106 Genital Skin and Mucous Membrane Lesions
    107 Urethritis
    108 Vulvovaginitis and Cervicitis
    109 Infections of the Female Pelvis
    110 Prostatitis, Epididymitis, and Orchitis
    M EYE INFECTIONS
    111 Introduction to Eye Infections
    112 Microbial Conjunctivitis
    113 Microbial Keratitis
    114 Endophthalmitis
    115 Infectious Causes of Uveitis
    116 Periocular Infections
    N HEPATITIS
    117 Viral Hepatitis
    O ACQUIRED IMMUNODEFICIENCY SYNDROME
    118 Global Perspectives on Human Immunodeficiency Virus Infection and Acquired Immunodeficiency Syndrome
    119 Epidemiology and Prevention of AIDS and HIV Infection, Including Preexposure Prophylaxis and HIV Vaccine Development
    120 Diagnosis of Human Immunodeficiency Virus Infection
    121 The Immunology of Human Immunodeficiency Virus Infection
    122 General Clinical Manifestations of Human Immunodeficiency Virus Infection (Including Acute Retroviral Syndrome and Oral, Cutaneous, Renal, Ocular, Metabolic, and Cardiac Diseases)
    123 Pulmonary Manifestations of Human Immunodeficiency Virus Infection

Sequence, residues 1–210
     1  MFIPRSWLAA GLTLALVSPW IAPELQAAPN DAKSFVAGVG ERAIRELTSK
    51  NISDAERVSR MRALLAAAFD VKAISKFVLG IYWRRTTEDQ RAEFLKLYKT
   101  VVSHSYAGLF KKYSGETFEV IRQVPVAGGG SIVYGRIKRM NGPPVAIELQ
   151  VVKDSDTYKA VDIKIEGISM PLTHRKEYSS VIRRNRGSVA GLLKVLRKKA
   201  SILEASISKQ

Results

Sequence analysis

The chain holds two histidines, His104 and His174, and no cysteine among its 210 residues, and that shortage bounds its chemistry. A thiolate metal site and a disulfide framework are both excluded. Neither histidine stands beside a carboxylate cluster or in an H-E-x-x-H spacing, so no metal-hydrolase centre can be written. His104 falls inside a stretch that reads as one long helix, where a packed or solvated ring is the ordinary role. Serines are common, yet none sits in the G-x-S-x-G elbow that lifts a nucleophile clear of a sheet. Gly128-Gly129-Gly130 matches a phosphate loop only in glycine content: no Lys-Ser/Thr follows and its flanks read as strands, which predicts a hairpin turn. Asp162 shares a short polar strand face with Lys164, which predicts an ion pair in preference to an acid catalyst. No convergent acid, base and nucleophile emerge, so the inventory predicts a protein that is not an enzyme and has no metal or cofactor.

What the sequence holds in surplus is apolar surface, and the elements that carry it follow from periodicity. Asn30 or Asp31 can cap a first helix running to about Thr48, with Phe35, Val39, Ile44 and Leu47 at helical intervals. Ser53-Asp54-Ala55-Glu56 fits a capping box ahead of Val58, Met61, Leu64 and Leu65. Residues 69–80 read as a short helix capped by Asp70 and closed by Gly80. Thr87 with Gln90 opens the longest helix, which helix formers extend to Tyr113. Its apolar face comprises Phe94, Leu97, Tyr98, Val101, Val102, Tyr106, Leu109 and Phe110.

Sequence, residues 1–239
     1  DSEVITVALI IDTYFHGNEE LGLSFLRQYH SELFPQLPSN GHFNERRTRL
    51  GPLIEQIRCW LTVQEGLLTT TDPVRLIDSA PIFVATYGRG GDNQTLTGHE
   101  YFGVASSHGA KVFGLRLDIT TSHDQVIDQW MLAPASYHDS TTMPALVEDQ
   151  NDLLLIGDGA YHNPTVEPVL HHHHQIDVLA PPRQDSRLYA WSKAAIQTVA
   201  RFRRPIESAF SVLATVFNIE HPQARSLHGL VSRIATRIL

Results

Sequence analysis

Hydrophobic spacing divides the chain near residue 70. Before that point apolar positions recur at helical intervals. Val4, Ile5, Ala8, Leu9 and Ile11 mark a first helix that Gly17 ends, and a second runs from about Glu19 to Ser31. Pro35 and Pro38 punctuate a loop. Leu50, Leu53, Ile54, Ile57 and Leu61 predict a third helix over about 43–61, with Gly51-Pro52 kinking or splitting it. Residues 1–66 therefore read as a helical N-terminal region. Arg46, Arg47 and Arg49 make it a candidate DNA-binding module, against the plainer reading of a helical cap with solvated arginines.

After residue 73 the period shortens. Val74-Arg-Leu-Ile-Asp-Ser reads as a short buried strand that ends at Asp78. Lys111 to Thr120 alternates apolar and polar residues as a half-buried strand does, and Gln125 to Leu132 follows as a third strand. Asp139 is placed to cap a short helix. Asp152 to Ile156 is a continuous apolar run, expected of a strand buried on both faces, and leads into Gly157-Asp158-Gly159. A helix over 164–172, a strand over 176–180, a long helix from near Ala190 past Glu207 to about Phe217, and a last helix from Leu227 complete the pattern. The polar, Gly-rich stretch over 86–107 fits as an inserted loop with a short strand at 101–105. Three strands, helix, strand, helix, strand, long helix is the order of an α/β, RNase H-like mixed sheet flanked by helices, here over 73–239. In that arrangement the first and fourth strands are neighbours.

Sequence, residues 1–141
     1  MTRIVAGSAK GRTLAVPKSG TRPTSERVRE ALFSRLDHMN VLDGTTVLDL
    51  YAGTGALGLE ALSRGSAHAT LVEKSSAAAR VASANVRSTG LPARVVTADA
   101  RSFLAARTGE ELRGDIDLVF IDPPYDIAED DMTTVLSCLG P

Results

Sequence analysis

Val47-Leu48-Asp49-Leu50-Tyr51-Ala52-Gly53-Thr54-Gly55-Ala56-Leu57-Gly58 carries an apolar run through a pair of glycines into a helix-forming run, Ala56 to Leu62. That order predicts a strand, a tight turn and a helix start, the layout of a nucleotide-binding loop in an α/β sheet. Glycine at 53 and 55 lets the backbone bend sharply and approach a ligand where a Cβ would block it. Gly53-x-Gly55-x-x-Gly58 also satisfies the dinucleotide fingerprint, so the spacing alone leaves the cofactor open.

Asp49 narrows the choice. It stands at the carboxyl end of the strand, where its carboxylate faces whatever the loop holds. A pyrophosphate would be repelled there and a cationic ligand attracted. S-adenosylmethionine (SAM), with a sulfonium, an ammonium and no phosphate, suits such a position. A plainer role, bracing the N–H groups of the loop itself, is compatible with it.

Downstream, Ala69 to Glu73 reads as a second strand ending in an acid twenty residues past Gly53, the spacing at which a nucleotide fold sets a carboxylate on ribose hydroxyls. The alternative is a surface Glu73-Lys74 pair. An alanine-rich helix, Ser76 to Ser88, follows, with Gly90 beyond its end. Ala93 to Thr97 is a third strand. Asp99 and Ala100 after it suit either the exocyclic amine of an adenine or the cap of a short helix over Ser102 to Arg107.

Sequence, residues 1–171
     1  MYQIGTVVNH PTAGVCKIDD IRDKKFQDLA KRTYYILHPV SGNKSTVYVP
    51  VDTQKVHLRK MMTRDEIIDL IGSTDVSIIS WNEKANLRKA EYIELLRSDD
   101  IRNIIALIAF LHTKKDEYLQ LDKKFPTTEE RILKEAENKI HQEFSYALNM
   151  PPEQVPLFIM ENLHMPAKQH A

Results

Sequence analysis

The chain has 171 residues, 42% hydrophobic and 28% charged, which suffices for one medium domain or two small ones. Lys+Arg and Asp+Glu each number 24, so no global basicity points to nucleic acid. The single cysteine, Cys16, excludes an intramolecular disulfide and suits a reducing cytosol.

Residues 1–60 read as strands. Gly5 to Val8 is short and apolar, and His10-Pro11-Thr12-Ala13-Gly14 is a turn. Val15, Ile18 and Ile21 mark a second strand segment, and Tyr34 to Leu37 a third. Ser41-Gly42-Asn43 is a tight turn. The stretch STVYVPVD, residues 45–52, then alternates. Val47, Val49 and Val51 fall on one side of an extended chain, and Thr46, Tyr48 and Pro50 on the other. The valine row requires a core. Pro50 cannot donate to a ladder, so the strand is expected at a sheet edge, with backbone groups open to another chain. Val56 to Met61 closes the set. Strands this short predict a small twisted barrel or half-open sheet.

124 Gastrointestinal, Hepatobiliary, and Pancreatic Manifestations of Human Immunodeficiency Virus Infection
    125 Neurologic Diseases Caused by Human Immunodeficiency Virus Type 1 and Opportunistic Infections
    126 Human Immunodeficiency Virus Infection in Women
    127 Pediatric Human Immunodeficiency Virus Infection
    128 Antiretroviral Therapy for Human Immunodeficiency Virus Infection
    129 Management of Opportunistic Infections Associated With Human Immunodeficiency Virus Infection
    P MISCELLANEOUS SYNDROMES
    130 Chronic Fatigue Syndrome (Systemic Exertion Intolerance Disease)
    III Infectious Diseases and Their Etiologic Agents
    A VIRAL DISEASES
    131 Biology of Viruses and Viral Diseases
    132 Orthopoxviruses Vaccinia (Smallpox Vaccine), Variola (Smallpox), Monkeypox, and Cowpox
    133 Other Poxviruses That Infect Humans: Parapoxviruses (Including Orf Virus), Molluscum Contagiosum, and Yatapoxviruses
    134 Introduction to Herpesviridae
    135 Herpes Simplex Virus
    136 Chickenpox and Herpes Zoster (Varicella-Zoster Virus)
    137 Cytomegalovirus
    138 Epstein-Barr Virus (Infectious Mononucleosis, Epstein-Barr Virus-Associated Malignant Diseases, and Other Diseases)